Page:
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PostPosted: Tue Mar 22, 2016 3:20 pm 
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Alec The Thinker wrote:
Evan wrote:
Why did they end the program after 5 years if it was so awesome?


They thought that the SAAs were not making educated decisions. But, the Affirmative team has all of this evidence saying that that decision was terrible.

Not exactly... the ended the program in 2000 because it successfully dealt with the backlog and brought it down to a manageable level. Therefore the Administration didn't perceive a need for the program any longer. And guess what happened after that decision... backlog came back.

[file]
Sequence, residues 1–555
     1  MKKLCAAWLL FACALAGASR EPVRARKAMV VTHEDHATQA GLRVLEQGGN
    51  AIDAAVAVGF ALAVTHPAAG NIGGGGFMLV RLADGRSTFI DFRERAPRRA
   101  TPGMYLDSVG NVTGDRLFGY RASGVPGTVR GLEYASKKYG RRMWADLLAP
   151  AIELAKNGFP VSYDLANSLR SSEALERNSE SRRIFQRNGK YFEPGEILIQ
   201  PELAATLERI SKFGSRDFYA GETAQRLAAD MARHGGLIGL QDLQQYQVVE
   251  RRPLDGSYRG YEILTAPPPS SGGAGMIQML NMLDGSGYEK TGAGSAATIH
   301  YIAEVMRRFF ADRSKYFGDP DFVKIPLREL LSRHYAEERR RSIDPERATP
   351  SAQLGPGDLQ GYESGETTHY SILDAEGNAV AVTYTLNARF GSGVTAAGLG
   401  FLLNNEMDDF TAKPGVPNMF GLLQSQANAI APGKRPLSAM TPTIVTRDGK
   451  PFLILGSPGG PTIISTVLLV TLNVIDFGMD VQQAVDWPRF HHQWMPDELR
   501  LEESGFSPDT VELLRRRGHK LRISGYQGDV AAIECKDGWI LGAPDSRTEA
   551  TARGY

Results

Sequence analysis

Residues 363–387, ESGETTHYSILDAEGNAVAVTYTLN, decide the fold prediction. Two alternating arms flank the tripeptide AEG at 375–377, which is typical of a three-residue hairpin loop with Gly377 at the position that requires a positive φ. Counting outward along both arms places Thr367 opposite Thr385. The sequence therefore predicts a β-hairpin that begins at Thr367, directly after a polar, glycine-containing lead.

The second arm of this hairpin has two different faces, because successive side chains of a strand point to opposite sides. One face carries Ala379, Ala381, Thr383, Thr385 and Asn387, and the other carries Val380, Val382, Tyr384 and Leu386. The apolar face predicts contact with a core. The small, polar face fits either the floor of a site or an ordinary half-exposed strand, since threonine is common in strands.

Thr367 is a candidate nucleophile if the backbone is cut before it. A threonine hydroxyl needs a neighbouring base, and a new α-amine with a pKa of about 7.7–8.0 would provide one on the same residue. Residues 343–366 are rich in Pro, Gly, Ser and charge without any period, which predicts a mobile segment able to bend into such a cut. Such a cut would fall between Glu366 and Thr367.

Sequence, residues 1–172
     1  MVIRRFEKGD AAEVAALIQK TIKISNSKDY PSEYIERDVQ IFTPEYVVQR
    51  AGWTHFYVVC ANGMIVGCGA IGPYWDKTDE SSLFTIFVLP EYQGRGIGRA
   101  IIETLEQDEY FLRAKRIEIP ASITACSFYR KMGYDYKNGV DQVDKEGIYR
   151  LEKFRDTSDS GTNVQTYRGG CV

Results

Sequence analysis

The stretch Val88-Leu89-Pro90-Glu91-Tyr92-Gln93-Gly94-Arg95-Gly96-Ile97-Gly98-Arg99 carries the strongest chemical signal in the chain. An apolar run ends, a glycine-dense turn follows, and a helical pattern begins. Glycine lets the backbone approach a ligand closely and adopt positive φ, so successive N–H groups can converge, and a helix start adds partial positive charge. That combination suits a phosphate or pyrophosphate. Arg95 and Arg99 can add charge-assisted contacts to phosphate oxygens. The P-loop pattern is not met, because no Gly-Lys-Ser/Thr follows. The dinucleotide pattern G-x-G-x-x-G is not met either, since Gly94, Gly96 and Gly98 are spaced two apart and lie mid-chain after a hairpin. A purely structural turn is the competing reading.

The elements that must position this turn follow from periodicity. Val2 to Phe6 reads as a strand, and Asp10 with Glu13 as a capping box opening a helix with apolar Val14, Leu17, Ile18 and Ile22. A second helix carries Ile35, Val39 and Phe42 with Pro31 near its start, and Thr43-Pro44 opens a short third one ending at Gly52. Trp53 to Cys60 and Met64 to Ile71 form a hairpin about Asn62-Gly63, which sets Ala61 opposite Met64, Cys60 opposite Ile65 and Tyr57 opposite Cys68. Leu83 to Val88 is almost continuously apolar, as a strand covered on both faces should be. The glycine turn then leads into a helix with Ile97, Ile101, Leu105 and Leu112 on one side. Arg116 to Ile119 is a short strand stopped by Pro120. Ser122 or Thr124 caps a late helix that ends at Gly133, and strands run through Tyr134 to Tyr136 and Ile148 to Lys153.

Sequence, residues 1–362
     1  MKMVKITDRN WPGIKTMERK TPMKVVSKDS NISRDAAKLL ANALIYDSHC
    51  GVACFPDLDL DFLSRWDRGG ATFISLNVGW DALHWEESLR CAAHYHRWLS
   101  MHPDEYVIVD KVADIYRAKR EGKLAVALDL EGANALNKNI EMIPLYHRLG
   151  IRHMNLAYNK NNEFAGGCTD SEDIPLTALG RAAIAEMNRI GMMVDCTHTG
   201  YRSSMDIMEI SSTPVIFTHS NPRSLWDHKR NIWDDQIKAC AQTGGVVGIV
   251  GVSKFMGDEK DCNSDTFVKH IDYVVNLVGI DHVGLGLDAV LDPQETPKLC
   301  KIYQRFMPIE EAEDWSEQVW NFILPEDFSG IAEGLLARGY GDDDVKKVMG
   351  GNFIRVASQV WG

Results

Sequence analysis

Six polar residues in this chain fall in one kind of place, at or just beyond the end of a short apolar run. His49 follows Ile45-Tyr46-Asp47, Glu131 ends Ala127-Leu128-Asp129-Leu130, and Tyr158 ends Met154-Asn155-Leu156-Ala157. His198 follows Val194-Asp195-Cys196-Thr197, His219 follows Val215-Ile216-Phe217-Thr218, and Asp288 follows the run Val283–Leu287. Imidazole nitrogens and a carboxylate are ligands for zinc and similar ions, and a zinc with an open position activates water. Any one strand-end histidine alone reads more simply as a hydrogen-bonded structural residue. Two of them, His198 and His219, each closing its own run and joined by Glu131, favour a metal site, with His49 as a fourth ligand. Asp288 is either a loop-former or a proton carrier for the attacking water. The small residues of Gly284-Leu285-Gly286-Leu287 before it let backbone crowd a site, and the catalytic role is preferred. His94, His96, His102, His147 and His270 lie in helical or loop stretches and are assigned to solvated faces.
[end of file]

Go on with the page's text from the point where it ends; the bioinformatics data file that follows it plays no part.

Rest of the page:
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PostPosted: Tue Mar 22, 2016 3:27 pm 
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Alec The Thinker wrote:
Sharkfin wrote:
Alec The Thinker wrote:
Basically, the Social Security Court is really backlogged. Therefore, the affirmative team hires a large number of Senior Attorney Adjudicators to help give "On The Record decisions." The plan was tried from 1995-2000 and was very effective.

A really good team is running it in our region. Do you guys have any ideas on how to beat it?

Topicalllittteeeeee.

Define "federal court system" as the judicial branch. Aff case isn't topical because SAAs/SSA courts are components of administrative law operating in the executive branch. They never touch the judicial branch unless a case is appealed to a district court.